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On the Taxonomy and Vernacular of Human Genitalia (insert scientific-y 'Harumph Harumph' here)

Until just recently, we’ve always referred to genitalia as ‘junk’ when talking with the kids.  it’s not that we don’t think you should talk about genitalia, in fact, through no design of our own, it’s quite the opposite at our house, conversations about junk come up fairly frequently.  It’s just the word junk had a better ring to it.  We’ve also committed the other sex-ed sin of calling vaginas ‘innies’, and penises ‘outies’.  While I’ve heard this can be an issue, for us at any rate, it wasn’t.

When you live with three kids in a variety of 1200, (on average), square foot houses, everyone sees everyone else naked, a lot.  Between grad school, and then moving to San Francisco, our real estate budget has never really allowed for the privacy that might come from spreading out through several rooms, (or sweet merciful heaven), more than one bathroom.

But, even the singular bathroom has been a blessing.  Each kid as soon as they’ve been able to walk has asked to ‘use the potty’ with me.  I have few if any boundary issues, and so was happy for the company.  I like to think that this led to the gang using the toilet earlier, and perhaps better.  We’re not stringent potty trainers, so it’s hard to tell.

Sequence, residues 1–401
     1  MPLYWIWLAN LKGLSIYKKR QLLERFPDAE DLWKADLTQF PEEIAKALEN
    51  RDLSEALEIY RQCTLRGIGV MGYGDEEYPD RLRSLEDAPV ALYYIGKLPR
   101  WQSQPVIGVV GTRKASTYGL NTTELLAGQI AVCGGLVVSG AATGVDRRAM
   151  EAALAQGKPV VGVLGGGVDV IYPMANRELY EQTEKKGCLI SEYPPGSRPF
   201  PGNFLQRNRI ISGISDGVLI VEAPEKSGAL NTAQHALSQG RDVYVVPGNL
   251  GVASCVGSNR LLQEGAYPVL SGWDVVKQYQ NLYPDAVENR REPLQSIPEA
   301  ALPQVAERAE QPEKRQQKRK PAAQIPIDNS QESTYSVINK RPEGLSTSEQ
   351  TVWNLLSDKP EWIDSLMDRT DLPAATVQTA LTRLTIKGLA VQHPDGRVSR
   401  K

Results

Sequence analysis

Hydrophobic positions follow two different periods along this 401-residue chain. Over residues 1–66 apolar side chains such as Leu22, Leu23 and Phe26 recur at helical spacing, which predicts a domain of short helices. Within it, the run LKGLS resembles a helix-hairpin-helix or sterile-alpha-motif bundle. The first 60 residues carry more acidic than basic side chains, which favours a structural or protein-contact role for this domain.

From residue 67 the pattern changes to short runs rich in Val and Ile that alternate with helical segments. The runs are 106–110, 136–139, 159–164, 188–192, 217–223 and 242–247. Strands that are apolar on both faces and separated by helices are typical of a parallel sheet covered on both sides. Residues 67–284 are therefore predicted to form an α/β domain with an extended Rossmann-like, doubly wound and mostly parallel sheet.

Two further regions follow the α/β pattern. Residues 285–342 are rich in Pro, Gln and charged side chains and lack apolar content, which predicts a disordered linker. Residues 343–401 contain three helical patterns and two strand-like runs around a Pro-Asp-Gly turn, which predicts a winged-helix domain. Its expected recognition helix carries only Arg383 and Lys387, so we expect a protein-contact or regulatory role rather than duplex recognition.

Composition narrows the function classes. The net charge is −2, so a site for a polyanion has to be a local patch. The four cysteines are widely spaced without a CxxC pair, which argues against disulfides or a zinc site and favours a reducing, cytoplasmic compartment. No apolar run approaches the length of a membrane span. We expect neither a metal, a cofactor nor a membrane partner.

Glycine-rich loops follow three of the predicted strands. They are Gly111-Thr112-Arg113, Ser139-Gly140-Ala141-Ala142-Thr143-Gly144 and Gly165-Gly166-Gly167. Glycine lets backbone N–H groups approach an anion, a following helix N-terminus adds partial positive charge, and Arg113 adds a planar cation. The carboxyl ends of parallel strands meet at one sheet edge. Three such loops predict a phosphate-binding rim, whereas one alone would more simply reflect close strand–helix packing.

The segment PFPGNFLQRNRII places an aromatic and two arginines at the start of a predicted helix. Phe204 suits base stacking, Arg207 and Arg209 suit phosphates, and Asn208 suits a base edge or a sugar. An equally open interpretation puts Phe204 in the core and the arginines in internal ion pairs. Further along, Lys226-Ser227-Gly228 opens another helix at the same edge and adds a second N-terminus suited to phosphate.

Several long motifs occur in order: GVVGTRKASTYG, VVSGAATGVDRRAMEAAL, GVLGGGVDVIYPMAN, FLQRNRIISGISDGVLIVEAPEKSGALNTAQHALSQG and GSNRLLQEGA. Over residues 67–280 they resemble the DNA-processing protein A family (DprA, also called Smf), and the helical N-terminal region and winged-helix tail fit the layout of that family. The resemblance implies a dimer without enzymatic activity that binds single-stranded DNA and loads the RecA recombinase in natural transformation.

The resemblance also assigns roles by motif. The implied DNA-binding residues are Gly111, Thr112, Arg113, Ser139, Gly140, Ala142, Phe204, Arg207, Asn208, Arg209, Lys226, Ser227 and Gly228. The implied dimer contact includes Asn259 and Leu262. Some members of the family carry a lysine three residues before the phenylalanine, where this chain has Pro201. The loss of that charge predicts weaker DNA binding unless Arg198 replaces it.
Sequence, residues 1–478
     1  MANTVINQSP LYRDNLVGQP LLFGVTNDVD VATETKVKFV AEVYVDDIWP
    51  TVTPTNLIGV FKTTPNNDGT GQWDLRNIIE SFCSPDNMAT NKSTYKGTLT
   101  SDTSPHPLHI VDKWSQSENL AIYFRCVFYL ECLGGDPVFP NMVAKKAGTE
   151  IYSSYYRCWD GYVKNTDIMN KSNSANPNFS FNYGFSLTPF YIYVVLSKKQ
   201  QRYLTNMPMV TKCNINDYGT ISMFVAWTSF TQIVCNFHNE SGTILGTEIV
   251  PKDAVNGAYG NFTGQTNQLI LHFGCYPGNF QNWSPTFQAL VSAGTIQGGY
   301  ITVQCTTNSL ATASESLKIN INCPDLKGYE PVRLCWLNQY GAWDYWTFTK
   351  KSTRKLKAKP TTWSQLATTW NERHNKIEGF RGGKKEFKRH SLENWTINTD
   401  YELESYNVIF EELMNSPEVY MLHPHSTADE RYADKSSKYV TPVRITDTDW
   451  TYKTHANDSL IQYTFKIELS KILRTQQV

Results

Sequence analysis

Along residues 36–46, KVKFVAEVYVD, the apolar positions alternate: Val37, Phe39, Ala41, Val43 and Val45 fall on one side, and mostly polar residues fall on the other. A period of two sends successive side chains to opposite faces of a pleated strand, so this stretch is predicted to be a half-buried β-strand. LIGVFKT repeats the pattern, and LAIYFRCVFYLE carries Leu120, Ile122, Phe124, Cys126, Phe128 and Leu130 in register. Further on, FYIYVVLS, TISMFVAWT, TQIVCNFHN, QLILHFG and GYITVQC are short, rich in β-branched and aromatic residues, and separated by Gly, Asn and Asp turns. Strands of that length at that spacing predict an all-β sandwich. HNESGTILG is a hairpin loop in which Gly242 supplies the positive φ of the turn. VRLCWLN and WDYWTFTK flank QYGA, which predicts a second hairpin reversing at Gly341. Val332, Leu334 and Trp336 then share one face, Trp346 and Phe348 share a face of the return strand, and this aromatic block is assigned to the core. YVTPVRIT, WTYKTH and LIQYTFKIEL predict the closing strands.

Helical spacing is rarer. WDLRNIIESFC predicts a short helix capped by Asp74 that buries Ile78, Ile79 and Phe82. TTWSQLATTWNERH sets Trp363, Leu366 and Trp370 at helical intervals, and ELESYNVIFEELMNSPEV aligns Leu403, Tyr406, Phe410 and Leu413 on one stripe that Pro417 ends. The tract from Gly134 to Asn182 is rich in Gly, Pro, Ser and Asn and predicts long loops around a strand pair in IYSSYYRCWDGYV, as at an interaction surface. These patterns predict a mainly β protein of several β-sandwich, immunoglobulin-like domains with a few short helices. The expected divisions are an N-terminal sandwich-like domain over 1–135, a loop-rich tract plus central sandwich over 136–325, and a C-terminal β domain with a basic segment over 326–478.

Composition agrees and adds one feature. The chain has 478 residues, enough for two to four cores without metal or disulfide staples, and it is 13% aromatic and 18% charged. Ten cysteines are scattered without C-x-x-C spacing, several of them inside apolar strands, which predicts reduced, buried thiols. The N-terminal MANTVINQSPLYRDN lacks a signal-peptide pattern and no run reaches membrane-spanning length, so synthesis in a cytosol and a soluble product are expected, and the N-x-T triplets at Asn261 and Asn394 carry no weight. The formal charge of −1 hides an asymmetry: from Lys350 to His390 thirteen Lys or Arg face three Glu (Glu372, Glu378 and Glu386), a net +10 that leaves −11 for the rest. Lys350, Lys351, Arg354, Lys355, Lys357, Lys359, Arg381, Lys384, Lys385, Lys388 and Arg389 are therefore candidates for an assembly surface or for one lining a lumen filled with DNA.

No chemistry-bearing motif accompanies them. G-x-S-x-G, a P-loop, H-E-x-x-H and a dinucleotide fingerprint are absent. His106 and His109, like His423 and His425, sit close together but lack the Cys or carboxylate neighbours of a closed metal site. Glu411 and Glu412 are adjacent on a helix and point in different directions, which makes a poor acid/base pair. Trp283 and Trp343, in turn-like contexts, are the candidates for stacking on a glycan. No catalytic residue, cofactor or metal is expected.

There were a few actual unexpected advantages though.  First, unbeknownst to me, apparently some kids have issues with peeing outside, as well as peeing in front of others.  I was surprised as spit one day to find out that one or kids’ friend’s mom was delighted that on a hike, 1 had simply ducked around a bush to pee instead of dancing and squirming till she found a bathroom.  Said mom had had a hard time convincing her daughter that it was OK to pee outside, and felt that 1 was an excellent role model in this respect!  Who knew!?  

Yet another advantage, 1, our oldest daughter, can pee standing up!  I was as surprised as anyone when I found out during a camping trip.  Early in the morning, then five year old, 1 hopped out of her sleeping bag, unzipped the tent, and headed out.  Since we camp frequently, and 1 can handle herself outdoors, I thought nothing of it.  I figured she was bored.  Nope!  She had to potty.  A minute or two later, I unzipped the tent to go on my own potty run only to find 1 about five yards from the tent, pants around her knees, standing, and peeing on the ground like she’d been doing it all her life!  She looked up when she saw me, said “Hi Dad!” and finished her business as if nothing had happened.

In any event, I’ve digressed.  What about the innie/outie phraseology you might ask?  How did we wind up there in the first place?  Well, what with all the nakedness, at some point each kid makes observations about the different kinds of junk.  Not wanting the kids to grow up gendered, we were careful only to point out one thing, junk is junk.  Some junk points in and some junk points out, but the pee and poop is all the same.  And so it went, some of us had innies, other outies, but it didn’t really matter which.  It all gets the job done.